Approximately 30 of the 14,900 deleted emails recovered by the FBI from Hillary Clinton ’s private email server may involve the 2012 attack on Benghazi, Libya, State Department lawyers said on Tuesday.
An undetermined number of those 30 emails were not included in the cache of 30,000 the former secretary of State voluntarily turned over to the State Department in 2014, government lawyers told U.S. District Court Judge Amit P. Mehta, according to multiple reports.
The agency has committed to releasing the newly uncovered documents under a series of Freedom of Information Act (FOIA) requests from the conservative watchdog group Judicial Watch, but first it must weigh whether the emails are personal or work-related. Some may also be duplicates of the thousands it has already released.
"Using broad search terms, we have identified approximately 30 documents potentially responsive to a Benghazi-related request," State Department spokesman John Kirby said in a statement. "At this time, we have not confirmed that the documents are, in fact, responsive, or whether they are duplicates of materials already provided to the Department by former Secretary Clinton in December 2014.”
State Department lawyers said Tuesday it will need until the end of September to review and redact any classified information from the new emails. Mehta pressed the agency on why it would take so long to process so few documents and ordered the department to return in a week with more details about why it needs a full month.
The hearing was held in one of several FOIA lawsuits brought by Judicial Watch now revolving around the newly uncovered 14,900 emails.
It remains unclear how many of the recovered emails will be deemed part of the agency's record by the State Department, clearing the way for their release, and how long that review process will take.
Judicial Watch has pressed for responsive documents to be made public before the presidential election, but it is still unclear whether all of them will be released by Nov. 8.
The State Department has pushed back on calls to expedite the review and production process, citing the gargantuan nature of sorting through and redacting tens of thousands of pages.
In a separate case, a federal judge in Florida last week ordered that the State Department must start releasing any communications between Clinton and the White House in the days surrounding the Benghazi attack by Sept. 13.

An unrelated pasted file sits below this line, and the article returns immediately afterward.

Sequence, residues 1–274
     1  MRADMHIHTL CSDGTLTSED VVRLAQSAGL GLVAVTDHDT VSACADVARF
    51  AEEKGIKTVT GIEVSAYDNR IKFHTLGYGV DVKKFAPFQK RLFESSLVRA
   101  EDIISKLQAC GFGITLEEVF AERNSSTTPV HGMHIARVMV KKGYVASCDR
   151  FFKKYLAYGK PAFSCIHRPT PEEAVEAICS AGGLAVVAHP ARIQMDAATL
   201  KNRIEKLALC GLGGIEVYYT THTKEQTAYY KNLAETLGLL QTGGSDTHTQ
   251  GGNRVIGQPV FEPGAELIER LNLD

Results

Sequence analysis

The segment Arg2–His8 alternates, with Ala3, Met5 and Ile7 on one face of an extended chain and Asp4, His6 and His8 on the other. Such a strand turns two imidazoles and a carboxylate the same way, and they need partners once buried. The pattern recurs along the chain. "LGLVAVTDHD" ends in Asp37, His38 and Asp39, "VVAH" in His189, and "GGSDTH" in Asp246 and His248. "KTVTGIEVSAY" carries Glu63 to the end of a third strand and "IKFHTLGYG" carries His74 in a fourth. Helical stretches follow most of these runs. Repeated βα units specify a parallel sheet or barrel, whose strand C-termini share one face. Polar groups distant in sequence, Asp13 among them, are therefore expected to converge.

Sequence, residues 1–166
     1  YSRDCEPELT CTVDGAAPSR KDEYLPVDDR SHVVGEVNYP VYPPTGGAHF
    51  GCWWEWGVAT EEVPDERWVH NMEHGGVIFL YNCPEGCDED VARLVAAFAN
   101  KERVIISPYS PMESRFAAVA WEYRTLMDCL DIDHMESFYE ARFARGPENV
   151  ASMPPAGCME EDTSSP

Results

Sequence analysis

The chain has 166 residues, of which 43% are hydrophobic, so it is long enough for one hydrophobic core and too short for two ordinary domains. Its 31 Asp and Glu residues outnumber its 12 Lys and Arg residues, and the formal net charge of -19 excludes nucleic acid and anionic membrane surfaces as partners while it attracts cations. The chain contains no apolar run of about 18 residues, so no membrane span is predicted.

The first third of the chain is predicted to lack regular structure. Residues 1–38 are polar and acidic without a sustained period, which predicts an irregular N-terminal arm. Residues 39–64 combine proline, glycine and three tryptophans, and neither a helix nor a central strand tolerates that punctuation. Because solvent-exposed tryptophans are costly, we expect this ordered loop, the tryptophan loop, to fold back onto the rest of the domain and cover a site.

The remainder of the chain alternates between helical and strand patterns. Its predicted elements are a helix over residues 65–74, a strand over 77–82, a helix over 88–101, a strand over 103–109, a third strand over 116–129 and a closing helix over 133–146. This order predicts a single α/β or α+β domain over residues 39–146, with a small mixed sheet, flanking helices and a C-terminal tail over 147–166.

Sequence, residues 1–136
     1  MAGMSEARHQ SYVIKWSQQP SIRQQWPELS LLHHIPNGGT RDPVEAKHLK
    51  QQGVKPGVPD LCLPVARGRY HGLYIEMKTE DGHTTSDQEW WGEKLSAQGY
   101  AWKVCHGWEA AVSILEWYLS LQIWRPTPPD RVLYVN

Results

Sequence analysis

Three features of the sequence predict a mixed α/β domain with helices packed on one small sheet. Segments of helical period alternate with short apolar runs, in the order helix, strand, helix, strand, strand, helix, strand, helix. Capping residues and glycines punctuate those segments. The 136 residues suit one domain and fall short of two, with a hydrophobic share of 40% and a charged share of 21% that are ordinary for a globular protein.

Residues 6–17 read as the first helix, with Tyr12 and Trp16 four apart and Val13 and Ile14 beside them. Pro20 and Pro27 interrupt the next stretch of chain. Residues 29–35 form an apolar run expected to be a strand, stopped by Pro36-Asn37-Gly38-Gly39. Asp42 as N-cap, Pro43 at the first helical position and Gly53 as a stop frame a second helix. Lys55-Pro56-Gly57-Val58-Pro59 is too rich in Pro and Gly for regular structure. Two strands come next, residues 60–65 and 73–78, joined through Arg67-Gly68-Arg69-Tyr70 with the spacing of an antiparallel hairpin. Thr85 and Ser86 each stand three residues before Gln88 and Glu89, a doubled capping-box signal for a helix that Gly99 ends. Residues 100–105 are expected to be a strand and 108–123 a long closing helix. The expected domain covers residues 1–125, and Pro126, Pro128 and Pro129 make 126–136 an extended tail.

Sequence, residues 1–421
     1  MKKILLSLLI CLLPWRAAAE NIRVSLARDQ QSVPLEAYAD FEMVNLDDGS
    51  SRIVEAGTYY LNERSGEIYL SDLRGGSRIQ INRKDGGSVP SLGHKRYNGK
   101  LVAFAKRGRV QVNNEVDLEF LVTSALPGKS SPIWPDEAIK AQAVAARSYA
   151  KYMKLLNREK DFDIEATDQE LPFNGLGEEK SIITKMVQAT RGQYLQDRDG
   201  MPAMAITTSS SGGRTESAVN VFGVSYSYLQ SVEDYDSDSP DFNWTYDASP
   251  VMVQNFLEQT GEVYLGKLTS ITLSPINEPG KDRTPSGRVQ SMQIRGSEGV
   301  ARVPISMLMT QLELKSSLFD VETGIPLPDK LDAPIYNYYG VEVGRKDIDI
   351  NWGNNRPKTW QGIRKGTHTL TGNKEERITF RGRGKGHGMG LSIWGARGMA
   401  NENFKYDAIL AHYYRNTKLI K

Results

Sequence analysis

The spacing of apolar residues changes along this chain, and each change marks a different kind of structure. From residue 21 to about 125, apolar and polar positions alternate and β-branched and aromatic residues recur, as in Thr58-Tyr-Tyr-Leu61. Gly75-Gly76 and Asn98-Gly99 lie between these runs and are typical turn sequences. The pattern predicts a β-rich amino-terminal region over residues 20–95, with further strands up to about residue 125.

In yet another case, a federal judge in D.C. will set a production schedule for the new documents more broadly on Sept. 23.
The 14,900 documents were found during the course of the FBI's investigation into the Democratic presidential nominee's use of a personal email server during her time at State.
Investigators pieced together deleted emails from Clinton’s correspondence with other officials and reconstructed “fragments” from old servers and machines connected to her email domain.
Republican nominee Donald Trump ’s campaign quickly used reports of the 30 Benghazi-related emails to blast Clinton for deleting around half of her emails in 2014.
“Clinton swore before a federal court and told the American people she handed over all of her work-related emails. If Clinton did not consider emails about something as important as Benghazi to be work-related, one has to wonder what is contained in the other emails she attempted to wipe from her server,” senior communications adviser Jason Miller said in a statement.
Clinton deleted 30,000 emails prior to turning over the other half to the State Department, arguing they were personal correspondences.
According to FBI Director James Comey, Clinton’s lawyers did not individually read the content of all of her emails before they were deleted, relying instead on header information and search terms to sift through the emails for work-related missives.
Comey told reporters in July that “it is highly likely their search terms missed some work-related emails,” but testified before the House Oversight Committee that “we did not find evidence to indicate that they did the eraser to conceal things of any sort.”
--This report was updated at 3:46 p.m.